Tips for giv­ing your fur­ni­ture mul­ti­ple uses

The Palm Beach Post - Residences - - Front Page - Chris­tine Brun

Dual-func­tion fur­ni­ture is the ul­ti­mate se­cret weapon of mi­cro-unit liv­ing. Think about how de­sign­ers have used yachts or mo­tor homes as a clas­sic start­ing point for cre­at­ing su­perb func­tion in tiny spa­ces. We’ve all seen the din­ing ta­ble that con­verts into a plat­form for a sin­gle mat­tress. Marine-style de­sign is all about things hing­ing, fold­ing away or pop­ping up in or­der to get at least two uses out of each piece.

In re­sponse to the cur­rent shoe­box hous­ing move­ment, de­sign­ers are in­tro­duc­ing more and more mul­tiuse fur­ni­ture to the in­ter­na­tional fur­ni­ture mar­ket. This coffee ta­ble, de­signed by Marco Poz­zoli, is called the Markus Multi-Func­tional Ta­ble. The com­pany, Ozzio, is an Ital­ian fur­ni­ture man­u­fac­turer ded­i­cated to car­ry­ing an ex­ten­sive range of cre­atively de­signed fur­ni­ture, which is per­fect for lim­ited space. The ta­ble has a gaspow­ered struc­ture that lifts and di­vides, quickly trans­form­ing the ta­ble into a com­fort­able desk with an ex­tra bench and seat­ing. It makes for a su­perb of­fice desk or din­ing ta­ble right in your liv­ing room. Made from oak, it has a strong metal frame made of matt graphite, as well as an ex­tra white trans­par­ent glass leg that al­lows the piece to ap­pear like it’s float­ing above the area rug!

In or­der to coax max­i­mum func­tion out of very lim­ited floor space, it is nec­es­sary to an­a­lyze your space in var­i­ous ways. We need to mea­sure the square footage of the floor space and the ver­ti­cal space be­tween the floor and the ceil­ing. In some cases, a com­part­ment is cre­ated below the floor so that fur­ni­ture can col­lapse and be stowed away. Then, the space can be used as a home of­fice or child’s play area dur­ing the day. Hy­draulics and state-of-the-art hard­ware make this pos­si­ble.

As we be­gin to see more and more mi­cro units in ma­jor cities across the globe, we will also see more unique fur­ni­ture de­sign so­lu­tions. Th­ese types of liv­ing units are very pop­u­lar with mil­len­ni­als who are at­tracted to an ur­ban life­style and spend most of their time out­side of their abode. Min­i­mum stan­dards of square footage vary from city to city in the United States, but in gen­eral, the small­est spa­ces are around 250 square feet. A sin­gle car garage, by way of com­par­i­son, is about 200 square feet. An of­fi­cial waiver is usu­ally re­quired for th­ese smaller size units. For ex­am­ple, New York City de­clared a 400 square foot space as the le­gal min­i­mum size in 1987, which re­mains in ef­fect with­out ex­cep­tions.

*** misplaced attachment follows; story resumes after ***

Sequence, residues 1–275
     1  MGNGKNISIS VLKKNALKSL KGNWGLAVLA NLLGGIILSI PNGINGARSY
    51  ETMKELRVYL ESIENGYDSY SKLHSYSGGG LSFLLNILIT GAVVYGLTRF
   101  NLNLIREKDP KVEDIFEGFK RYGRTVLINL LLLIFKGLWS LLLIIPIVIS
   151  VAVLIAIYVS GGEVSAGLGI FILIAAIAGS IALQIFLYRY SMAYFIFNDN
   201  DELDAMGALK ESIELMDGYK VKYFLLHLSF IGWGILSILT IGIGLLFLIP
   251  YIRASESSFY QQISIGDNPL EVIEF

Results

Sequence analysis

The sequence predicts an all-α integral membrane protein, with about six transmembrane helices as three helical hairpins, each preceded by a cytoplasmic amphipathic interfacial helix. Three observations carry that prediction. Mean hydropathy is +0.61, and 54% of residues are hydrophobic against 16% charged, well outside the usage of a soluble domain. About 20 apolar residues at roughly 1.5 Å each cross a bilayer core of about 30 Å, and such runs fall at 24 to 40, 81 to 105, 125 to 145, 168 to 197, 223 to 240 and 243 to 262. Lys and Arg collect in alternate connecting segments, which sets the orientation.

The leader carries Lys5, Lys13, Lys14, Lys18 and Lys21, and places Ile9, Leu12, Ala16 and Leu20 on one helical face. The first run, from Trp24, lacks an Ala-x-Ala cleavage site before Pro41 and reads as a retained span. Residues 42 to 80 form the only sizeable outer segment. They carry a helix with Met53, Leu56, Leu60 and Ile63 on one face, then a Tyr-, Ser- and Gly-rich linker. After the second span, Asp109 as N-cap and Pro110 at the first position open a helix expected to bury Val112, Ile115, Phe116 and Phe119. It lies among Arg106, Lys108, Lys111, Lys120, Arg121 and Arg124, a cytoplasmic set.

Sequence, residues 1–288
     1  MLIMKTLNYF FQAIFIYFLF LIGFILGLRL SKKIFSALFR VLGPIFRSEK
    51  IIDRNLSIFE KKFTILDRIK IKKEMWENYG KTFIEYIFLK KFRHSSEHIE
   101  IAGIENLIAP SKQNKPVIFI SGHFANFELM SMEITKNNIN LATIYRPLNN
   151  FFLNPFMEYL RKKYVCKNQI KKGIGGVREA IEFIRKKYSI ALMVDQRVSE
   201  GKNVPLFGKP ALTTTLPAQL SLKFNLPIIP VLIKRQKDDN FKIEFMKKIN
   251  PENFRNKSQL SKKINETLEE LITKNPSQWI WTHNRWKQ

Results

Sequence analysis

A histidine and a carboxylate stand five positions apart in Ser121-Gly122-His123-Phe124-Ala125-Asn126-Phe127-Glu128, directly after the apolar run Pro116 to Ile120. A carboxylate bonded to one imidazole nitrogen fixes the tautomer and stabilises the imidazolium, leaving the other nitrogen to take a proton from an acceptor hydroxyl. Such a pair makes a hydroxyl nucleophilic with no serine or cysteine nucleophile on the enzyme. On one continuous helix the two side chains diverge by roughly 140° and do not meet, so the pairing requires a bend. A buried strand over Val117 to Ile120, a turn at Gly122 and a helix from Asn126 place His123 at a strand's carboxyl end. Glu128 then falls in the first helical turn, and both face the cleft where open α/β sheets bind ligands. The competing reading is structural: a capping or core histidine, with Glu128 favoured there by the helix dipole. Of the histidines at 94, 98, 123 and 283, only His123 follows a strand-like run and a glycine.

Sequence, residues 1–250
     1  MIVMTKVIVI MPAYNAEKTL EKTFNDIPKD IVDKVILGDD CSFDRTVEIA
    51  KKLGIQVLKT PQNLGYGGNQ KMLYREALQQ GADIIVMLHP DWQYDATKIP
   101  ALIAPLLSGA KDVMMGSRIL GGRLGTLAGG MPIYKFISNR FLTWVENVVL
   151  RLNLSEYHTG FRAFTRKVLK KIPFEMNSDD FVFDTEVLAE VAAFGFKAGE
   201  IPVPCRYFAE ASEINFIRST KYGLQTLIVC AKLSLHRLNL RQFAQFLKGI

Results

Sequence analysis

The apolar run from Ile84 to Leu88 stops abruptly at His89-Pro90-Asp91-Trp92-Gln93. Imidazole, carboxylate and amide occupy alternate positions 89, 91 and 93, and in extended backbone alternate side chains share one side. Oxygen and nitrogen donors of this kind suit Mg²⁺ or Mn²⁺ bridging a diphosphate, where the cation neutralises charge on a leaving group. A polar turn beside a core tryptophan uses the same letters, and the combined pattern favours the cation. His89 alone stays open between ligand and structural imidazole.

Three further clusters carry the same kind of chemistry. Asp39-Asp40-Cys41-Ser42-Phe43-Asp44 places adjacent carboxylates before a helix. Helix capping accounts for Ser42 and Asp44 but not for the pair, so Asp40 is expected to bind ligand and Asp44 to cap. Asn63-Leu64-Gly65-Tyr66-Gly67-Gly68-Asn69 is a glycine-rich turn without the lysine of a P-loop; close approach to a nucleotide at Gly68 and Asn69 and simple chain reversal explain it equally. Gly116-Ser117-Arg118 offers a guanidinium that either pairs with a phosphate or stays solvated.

The size of hous­ing made specif­i­cally for mil­len­ni­als is shrink­ing. Many mil­lenials use their homes pri­mar­ily for sleep­ing, as most of their lives of­ten take place in lo­cal cafes, bars, clubs and stores. They may not con­sider liv­ing in a boat-sized space a sac­ri­fice be­cause group ac­tiv­i­ties hap­pen in com­mon spa­ces or in pub­lic places.

De­sign­ing highly func­tional tiny spa­ces is the most chal­leng­ing and de­mand­ing task for de­sign­ers th­ese days. When ev­ery sin­gle square inch mat­ters, each de­ci­sion is crit­i­cal; what hap­pens be­tween the floor and the ceil­ing is hugely im­por­tant. Stor­age, ap­pli­ances, bath­room fix­tures and work space must be pre­sented in an at­trac­tive but very func­tional man­ner.

When de­sign­ing a small space, it’s crit­i­cal to con­sider each in­di­vid­ual’s needs. Mur­phy beds are still pop­u­lar. For ex­am­ple, the space be­neath a stair­case can be­come as stor­age draw­ers or a sleep­ing com­part­ment. Ta­bles with rolling cast­ers are use­ful. Wall racks, stor­age above doors and stack­ing con­tain­ers are com­monly used as well. Where space is pre­cious, choos­ing fur­ni­ture that has at least two uses is the way to go.

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